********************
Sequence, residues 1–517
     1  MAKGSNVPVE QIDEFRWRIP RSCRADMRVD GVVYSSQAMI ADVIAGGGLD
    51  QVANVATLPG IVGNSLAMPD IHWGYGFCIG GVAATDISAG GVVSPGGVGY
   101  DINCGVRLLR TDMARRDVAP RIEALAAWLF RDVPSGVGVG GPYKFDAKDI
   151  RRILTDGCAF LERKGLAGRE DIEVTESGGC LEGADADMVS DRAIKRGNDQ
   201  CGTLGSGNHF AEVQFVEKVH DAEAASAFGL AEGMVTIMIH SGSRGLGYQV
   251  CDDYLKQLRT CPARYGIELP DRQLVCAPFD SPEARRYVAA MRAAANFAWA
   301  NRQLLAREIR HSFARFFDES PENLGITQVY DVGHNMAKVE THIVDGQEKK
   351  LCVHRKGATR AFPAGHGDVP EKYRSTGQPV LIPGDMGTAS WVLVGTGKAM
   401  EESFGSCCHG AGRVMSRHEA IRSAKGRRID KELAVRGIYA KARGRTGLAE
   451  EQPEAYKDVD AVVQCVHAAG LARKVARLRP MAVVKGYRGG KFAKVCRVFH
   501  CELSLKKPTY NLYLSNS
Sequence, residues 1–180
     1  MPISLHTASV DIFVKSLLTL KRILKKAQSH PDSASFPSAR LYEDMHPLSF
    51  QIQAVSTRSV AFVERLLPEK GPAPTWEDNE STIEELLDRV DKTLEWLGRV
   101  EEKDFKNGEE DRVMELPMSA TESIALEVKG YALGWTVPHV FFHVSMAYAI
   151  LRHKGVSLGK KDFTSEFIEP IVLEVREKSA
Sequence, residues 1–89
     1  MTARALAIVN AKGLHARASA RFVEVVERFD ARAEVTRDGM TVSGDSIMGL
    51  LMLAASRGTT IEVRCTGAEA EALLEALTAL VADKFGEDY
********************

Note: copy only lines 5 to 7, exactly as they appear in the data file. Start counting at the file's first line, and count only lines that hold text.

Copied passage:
   151  RRILTDGCAF LERKGLAGRE DIEVTESGGC LEGADADMVS DRAIKRGNDQ
   201  CGTLGSGNHF AEVQFVEKVH DAEAASAFGL AEGMVTIMIH SGSRGLGYQV
   251  CDDYLKQLRT CPARYGIELP DRQLVCAPFD SPEARRYVAA MRAAANFAWA